[The following is an article I wrote for the August 2012 issue of Children’s Technology Review.]
Last month, 18,000+ tech-loving educators gathered at the San Diego convention center for ISTE — an annual event that has become the Mecca of ed tech in the United States. Also known as the International Society for Technology in Education, the four day event always starts with an opening keynote address — this year the headliner was Sir Ken Robinson, the English futurist.
But I wasn’t going to be there.
Due to family commitments I needed to miss the first day, and Sir Ken’s talk. So, I did what any valid data cruncher would do. I started collecting and analyzing the tweets from the one hour event. What I discovered was fascinating. The “big ideas” aren’t necessarily what comes from the podium. If you don’t believe me, you can watch the presentation yourself, (jump to 32:27 to see the keynote). The best ideas are the ones that are heard by a massive audience — collectively chewed and digested, and then captured in a collective mass of about 2,500 tweets, under a single hashtag (#iste12). It’s as if Sir Ken were talking to a giant brain comprised of 750 busy tweeters, waiting to pounce on the next nugget.
Listening carefully to this brain at work taught me that trying to paraphrase Sir Ken based on Twitter information is a little like playing the telephone game, where you pass a secret phrase around a circle, only to end up with a different result at the end. Each spoken line from the original keynote was tweeted and re-tweeted at least 20 times, complete with some minor edits. I picked out, and in some cases merged together, some of the best tweets from the event. If you can forgive some editorial sanding, here’s what seemed to resonate:
“No Child Left Behind is proof that Americans get irony. No Child Left Behind should be renamed to be millions of children left behind.”
“If we know anything about children it is that they are not standardized. Yet we have a suffocating culture of standardization and we need just the opposite. Humanity is based on the principle of diversity, yet our education system is based on compliance and conformity. Our lives are not linear, they are organic, and school is based on linearity.”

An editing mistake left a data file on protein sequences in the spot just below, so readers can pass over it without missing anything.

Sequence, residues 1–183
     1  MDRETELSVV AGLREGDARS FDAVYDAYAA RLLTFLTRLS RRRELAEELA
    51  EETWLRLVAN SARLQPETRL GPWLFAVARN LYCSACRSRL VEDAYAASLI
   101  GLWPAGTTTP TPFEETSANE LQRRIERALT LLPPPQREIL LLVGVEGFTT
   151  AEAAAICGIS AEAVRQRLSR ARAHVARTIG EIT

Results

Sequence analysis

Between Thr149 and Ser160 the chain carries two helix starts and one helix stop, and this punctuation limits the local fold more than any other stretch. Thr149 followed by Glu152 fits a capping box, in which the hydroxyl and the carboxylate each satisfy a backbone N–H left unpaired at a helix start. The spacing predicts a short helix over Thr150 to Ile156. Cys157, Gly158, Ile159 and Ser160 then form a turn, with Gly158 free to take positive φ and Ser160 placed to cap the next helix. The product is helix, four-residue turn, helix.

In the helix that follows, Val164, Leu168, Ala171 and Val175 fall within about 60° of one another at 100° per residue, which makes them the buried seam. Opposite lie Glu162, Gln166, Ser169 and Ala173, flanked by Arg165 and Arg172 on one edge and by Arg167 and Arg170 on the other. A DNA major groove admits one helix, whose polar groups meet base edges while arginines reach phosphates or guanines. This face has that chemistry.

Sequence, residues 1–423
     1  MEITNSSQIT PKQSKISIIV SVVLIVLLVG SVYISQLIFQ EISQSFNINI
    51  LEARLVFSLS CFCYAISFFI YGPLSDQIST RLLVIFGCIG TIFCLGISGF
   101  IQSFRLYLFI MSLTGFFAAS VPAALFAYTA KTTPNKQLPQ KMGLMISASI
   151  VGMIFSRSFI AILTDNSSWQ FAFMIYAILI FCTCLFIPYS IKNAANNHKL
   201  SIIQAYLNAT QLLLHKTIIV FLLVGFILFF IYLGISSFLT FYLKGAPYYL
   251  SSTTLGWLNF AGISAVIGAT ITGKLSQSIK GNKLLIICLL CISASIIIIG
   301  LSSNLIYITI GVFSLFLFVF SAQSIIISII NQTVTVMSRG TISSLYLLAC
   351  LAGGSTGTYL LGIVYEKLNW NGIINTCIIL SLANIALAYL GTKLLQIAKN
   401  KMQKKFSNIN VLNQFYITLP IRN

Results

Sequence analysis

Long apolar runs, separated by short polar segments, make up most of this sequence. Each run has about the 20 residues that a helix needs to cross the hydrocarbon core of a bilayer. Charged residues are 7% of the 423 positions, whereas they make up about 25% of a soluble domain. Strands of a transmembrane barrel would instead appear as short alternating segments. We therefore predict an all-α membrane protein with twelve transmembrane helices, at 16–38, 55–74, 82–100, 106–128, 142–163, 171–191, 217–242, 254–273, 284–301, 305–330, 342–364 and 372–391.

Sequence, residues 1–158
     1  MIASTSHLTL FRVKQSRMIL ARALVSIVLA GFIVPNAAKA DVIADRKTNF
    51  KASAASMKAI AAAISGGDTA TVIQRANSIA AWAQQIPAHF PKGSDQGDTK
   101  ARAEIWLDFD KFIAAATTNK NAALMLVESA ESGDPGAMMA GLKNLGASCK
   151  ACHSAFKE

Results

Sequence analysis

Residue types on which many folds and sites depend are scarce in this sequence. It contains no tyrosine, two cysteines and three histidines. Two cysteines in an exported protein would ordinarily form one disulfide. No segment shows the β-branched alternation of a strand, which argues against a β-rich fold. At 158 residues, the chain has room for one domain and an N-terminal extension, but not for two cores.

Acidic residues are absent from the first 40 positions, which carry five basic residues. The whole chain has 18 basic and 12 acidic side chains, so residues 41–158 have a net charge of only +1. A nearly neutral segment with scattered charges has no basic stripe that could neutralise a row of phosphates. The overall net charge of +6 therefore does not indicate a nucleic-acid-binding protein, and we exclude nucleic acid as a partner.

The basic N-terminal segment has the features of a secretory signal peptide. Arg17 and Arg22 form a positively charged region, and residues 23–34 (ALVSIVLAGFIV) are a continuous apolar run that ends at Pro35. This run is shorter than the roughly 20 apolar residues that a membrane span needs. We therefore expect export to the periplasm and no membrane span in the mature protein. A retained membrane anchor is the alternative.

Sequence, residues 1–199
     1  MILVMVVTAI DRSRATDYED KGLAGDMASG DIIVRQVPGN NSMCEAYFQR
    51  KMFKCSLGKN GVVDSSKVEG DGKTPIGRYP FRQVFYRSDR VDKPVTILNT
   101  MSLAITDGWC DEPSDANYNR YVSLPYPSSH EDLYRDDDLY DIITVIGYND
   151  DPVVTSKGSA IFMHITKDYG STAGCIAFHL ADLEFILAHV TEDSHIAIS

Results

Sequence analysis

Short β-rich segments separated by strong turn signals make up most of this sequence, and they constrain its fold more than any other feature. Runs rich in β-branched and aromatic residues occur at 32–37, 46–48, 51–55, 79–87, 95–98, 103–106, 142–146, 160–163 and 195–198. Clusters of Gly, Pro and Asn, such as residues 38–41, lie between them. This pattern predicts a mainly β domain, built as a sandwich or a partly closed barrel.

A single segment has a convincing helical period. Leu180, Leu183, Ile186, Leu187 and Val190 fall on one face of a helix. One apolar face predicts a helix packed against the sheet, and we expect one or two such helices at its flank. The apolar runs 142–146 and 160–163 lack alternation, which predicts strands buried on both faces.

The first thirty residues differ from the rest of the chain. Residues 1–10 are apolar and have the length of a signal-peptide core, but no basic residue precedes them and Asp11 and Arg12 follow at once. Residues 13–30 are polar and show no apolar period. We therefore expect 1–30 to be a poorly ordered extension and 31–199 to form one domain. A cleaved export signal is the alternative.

“One-third of all students drop out of high school. If doctors lost 1/3rd of their patients it would be unacceptable. If 1/3rd of airplanes dropped out of the sky there would be an uproar. Yet this is the reality in education.”
“There are opportunities to personalize education. And while we may not be able to afford personalization, we can’t afford not to.”
“People on the planet today have more access to mobile devices than safe drinking water.”
“What will it take to truly engage students in their own education, and what role does technology play in this?”
These are inspiring and somewhat depressing words, but they were what this particular audience decided to capture. It seems that many educators view the US education system to be a flawed, broken process, and that the Department of Education doesn’t have much to add to the conversation. During the lengthy live and prerecorded statements made by DOE personalities Karen Cator and Arnie Duncan, a brief moment of Twitter praise came when Karen Cator’s comment “your work matters” was retweeted by many. However, the overall tone from the twittersphere during the DOE remarks was more snarky than pleased.
Was there any gold in the twitter stream? Sir Ken did challenge the audience to engage each student in a unique way, to empower the abilities of the individual, for the benefit of all mankind. The tweet read like this: “Great teachers don’t take students to a destination. They give them the tools to get there on their own.” Certainly this is a strong tweet from a smart crowd, and it is a good closing thought.